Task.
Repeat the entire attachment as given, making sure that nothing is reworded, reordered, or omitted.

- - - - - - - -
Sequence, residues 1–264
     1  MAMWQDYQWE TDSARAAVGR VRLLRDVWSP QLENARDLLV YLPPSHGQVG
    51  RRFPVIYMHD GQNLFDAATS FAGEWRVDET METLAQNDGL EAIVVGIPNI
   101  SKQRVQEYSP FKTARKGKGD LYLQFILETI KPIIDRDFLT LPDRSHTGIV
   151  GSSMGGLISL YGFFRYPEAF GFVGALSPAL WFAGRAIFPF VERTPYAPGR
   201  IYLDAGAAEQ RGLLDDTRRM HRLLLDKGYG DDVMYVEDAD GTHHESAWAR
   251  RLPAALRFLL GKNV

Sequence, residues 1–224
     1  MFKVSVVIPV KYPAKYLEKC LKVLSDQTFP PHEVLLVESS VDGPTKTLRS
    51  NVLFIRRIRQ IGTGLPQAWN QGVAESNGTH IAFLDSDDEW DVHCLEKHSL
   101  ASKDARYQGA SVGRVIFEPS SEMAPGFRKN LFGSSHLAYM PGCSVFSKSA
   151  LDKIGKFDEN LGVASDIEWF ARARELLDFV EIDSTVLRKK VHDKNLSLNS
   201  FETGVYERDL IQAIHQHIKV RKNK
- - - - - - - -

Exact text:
Sequence, residues 1–264
     1  MAMWQDYQWE TDSARAAVGR VRLLRDVWSP QLENARDLLV YLPPSHGQVG
    51  RRFPVIYMHD GQNLFDAATS FAGEWRVDET METLAQNDGL EAIVVGIPNI
   101  SKQRVQEYSP FKTARKGKGD LYLQFILETI KPIIDRDFLT LPDRSHTGIV
   151  GSSMGGLISL YGFFRYPEAF GFVGALSPAL WFAGRAIFPF VERTPYAPGR
   201  IYLDAGAAEQ RGLLDDTRRM HRLLLDKGYG DDVMYVEDAD GTHHESAWAR
   251  RLPAALRFLL GKNV

Sequence, residues 1–224
     1  MFKVSVVIPV KYPAKYLEKC LKVLSDQTFP PHEVLLVESS VDGPTKTLRS
    51  NVLFIRRIRQ IGTGLPQAWN QGVAESNGTH IAFLDSDDEW DVHCLEKHSL
   101  ASKDARYQGA SVGRVIFEPS SEMAPGFRKN LFGSSHLAYM PGCSVFSKSA
   151  LDKIGKFDEN LGVASDIEWF ARARELLDFV EIDSTVLRKK VHDKNLSLNS
   201  FETGVYERDL IQAIHQHIKV RKNK